I have met Julia Mulligan twice over the past two years and find her likeable, charming and engaging. She is a Yorkshire hill farm girl made good, and no-one could doubt her commitment, and capacity for hard work, in her Commissioner role.

I also have boundless admiration for the caring and compassionate way in which she champions the cause of victims of crime and those with mental health issues in North Yorkshire. Victims of crime (and occasionally the mentally challenged) is the core focus of my work, too. But at the other end of the scale by opposing the police (and often the CPS) over miscarriages of justice. The most high profile of which is, of course, the soon to be heard appeal against the conviction of ex-PC Danny Major, following an outside police force investigation that I was instrumental in securing (read more on Operation Lamp here).

Our differences of opinion, usually expressed in cordial terms, concern how I view the discharging of Julia’s statutory function of holding the chief constable to account. She believes in the ‘partnership’ principle. I maintain that the chief constable ‘takes the mickey’ and keeps her in the dark on key issues, when it suits him.

For the past sixteen months my focus, as an investigative journalist, has been on police misconduct – and potential misfeasance – in the ranks of the North Yorkshire force. My attention was drawn away from the more familiar ground of West Yorkshire Police, and their across-the-Pennine neighbours in Greater Manchester, by a civil harassment claim mounted by NYP against two fellow journalists.

It has certainly been an eye opener, as my investigations into two NYP Operations, styled Rome and Hyson has uncovered a tangled web of lies, deceit and a grotesque misuse of public funds on the grand scale. Hyson is the codename given by NYP to the civil court action. Rome is the failed criminal investigation that preceded it.

I have written a number of forensic pieces on the topic which dig deep into the mire into which NYP have sunk over Rome and Hyson. Two of the most damning in the series can be read in full here and here.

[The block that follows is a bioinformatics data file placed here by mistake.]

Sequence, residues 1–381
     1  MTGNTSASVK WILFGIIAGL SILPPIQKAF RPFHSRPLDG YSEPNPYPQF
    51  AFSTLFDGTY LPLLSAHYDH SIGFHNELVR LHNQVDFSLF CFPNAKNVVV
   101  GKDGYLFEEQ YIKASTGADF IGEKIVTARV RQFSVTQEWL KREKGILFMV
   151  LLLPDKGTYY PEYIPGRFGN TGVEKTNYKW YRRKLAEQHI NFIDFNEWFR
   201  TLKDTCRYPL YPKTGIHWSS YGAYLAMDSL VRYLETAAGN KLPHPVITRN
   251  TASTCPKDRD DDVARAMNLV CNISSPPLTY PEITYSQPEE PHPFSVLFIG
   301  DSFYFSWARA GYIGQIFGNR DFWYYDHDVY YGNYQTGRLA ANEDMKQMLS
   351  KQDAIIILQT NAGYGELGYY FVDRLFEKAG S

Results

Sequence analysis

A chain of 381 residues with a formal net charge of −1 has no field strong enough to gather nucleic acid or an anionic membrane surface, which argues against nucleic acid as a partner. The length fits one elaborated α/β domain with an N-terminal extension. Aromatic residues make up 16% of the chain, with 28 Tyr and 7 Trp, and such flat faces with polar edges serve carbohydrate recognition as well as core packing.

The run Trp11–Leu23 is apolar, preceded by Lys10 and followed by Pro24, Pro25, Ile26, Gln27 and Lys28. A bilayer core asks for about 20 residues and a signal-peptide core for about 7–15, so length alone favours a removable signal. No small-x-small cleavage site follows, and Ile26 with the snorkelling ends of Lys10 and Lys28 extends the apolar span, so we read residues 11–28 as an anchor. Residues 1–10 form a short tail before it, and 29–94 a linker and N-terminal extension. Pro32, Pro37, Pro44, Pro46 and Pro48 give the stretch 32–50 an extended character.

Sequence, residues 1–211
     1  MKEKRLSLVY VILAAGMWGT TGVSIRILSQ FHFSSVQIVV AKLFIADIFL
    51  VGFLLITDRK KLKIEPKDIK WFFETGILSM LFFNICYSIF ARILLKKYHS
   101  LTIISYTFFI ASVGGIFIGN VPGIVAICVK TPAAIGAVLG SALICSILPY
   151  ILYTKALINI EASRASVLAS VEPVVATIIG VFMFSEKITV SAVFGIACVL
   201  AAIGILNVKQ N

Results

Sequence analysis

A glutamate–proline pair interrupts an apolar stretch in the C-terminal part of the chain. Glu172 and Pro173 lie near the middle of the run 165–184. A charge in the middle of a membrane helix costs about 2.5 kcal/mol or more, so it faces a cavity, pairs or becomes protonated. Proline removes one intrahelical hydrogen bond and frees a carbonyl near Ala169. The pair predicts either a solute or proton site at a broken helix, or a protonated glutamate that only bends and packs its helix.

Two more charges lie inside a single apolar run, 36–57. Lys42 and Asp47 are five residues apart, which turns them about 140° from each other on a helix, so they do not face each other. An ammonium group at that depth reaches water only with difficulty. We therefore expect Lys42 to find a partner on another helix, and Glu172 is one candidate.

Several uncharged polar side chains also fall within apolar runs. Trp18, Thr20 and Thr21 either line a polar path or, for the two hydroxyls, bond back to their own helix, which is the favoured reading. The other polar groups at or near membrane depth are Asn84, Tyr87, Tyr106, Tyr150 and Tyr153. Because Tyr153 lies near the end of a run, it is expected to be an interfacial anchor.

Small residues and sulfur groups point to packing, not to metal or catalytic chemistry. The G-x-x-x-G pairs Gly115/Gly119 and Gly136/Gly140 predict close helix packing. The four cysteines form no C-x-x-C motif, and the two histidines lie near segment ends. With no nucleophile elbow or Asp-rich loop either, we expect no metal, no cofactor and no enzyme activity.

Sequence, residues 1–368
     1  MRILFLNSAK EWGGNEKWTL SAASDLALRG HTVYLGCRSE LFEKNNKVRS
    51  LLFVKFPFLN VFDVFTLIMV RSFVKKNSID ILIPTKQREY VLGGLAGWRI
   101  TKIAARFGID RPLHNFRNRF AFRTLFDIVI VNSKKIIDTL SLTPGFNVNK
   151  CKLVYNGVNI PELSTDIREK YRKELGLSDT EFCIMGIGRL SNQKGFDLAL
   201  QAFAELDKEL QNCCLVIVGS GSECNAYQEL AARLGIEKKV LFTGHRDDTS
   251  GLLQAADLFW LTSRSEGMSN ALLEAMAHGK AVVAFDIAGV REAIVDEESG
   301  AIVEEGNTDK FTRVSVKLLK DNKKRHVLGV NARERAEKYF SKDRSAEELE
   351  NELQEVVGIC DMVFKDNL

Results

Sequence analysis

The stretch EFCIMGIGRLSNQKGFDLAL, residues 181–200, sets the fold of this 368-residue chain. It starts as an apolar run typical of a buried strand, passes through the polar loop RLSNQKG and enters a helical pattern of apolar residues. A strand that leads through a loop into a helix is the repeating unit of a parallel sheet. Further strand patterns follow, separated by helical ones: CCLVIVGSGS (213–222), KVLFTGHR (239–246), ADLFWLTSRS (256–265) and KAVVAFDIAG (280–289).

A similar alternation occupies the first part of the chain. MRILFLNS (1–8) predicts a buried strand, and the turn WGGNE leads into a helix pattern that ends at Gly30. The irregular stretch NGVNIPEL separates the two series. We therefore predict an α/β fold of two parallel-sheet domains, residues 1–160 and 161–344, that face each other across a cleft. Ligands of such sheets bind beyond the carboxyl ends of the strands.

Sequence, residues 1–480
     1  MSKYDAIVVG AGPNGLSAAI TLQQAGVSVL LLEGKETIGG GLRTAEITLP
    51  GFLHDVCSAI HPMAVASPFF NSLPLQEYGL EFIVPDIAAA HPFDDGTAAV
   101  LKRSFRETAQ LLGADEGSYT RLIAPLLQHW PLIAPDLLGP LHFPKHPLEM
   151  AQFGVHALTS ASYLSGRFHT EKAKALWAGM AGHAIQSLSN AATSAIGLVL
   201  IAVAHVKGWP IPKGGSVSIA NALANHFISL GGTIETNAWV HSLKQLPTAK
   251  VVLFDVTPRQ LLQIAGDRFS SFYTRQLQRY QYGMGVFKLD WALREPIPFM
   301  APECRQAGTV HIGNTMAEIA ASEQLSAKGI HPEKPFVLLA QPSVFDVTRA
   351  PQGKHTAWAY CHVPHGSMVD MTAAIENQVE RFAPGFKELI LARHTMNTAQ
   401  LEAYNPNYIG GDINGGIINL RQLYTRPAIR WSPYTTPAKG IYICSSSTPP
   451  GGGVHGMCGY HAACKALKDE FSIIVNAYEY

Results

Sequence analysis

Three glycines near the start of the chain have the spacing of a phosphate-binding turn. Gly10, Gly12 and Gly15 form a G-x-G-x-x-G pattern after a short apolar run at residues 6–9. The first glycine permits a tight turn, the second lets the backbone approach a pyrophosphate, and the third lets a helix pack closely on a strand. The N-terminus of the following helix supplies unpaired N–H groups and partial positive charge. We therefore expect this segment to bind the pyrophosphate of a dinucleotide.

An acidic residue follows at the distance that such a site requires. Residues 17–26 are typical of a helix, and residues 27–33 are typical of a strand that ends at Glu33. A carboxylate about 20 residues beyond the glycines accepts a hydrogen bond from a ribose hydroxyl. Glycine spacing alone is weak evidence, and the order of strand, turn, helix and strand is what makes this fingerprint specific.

North Yorkshire Police are, understandably, highly displeased at having their dirty washing aired in public in this way and, as a consequence, my work as a journalist is now obstructed at every turn – and I am smeared by senior officers whenever the opportunity arises. The police, more used to controlling a tame local and regional media, are simply not used to ‘push back’ from independent operators who refuse to be intimidated. I include fellow journalist and justice campaigner, Nigel Ward, in that group.

Nigel, incidentally, was the also the author of an informative North Yorkshire Enquirer ‘In My View’ piece on Julia Mulligan and the broken police complaints system. (Read in full here).

Formal misconduct complaints have been lodged, by both Nigel and myself, against a number of senior North Yorkshire officers as a result of their unethical and unprofessional conduct towards the two of us. These include outrageous, and entirely untrue, accusations by chief officers that we have conspired together to commit criminal offences and contempt of court. The formal complaint documents lodged by me can be viewed here. Nigel’s are in a similar vein.

Desperate not to have to refer the complaints to the IPCC, or face the prospect of an outside police force proportionately investigating the complaints and the wider shambles of Operations Rome and Hyson, the police and the PCC’s office have visited the Inn of Last Resort: Label the complaints as ‘vexatious’, ‘oppressive’ and an ‘abuse of the complaints system’. The outcome delivered by Simon Dennis, acting Chief Executive for PCC Julia Mulligan can be read in full here. A similar outcome was provided by DI Steve Fincham on behalf of the force.

In publishing documents this way, the public can decide for themselves the respective merits of the complaints, decisions not to record them and the appeals to the IPCC. Neither Nigel Ward, nor I, have anything to hide and it will be interesting to gauge the response of the police and PCC’s office to more dirty washing held up for public examination.